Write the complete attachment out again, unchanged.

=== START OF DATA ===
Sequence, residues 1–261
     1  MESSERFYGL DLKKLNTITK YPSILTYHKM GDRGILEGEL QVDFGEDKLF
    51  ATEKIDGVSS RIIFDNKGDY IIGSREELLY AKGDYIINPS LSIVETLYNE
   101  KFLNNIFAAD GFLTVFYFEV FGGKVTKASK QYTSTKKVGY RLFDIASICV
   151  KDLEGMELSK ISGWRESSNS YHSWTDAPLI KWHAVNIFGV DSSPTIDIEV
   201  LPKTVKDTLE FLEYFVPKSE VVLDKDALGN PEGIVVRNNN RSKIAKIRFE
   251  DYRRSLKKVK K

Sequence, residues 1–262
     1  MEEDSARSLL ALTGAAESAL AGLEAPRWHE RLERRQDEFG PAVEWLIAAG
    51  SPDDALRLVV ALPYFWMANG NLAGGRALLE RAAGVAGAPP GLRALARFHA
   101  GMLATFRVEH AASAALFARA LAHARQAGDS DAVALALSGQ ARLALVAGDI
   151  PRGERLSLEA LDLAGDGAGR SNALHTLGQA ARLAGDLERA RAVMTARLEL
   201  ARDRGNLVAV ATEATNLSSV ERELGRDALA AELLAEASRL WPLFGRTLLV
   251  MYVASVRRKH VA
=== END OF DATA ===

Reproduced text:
Sequence, residues 1–261
     1  MESSERFYGL DLKKLNTITK YPSILTYHKM GDRGILEGEL QVDFGEDKLF
    51  ATEKIDGVSS RIIFDNKGDY IIGSREELLY AKGDYIINPS LSIVETLYNE
   101  KFLNNIFAAD GFLTVFYFEV FGGKVTKASK QYTSTKKVGY RLFDIASICV
   151  KDLEGMELSK ISGWRESSNS YHSWTDAPLI KWHAVNIFGV DSSPTIDIEV
   201  LPKTVKDTLE FLEYFVPKSE VVLDKDALGN PEGIVVRNNN RSKIAKIRFE
   251  DYRRSLKKVK K

Sequence, residues 1–262
     1  MEEDSARSLL ALTGAAESAL AGLEAPRWHE RLERRQDEFG PAVEWLIAAG
    51  SPDDALRLVV ALPYFWMANG NLAGGRALLE RAAGVAGAPP GLRALARFHA
   101  GMLATFRVEH AASAALFARA LAHARQAGDS DAVALALSGQ ARLALVAGDI
   151  PRGERLSLEA LDLAGDGAGR SNALHTLGQA ARLAGDLERA RAVMTARLEL
   201  ARDRGNLVAV ATEATNLSSV ERELGRDALA AELLAEASRL WPLFGRTLLV
   251  MYVASVRRKH VA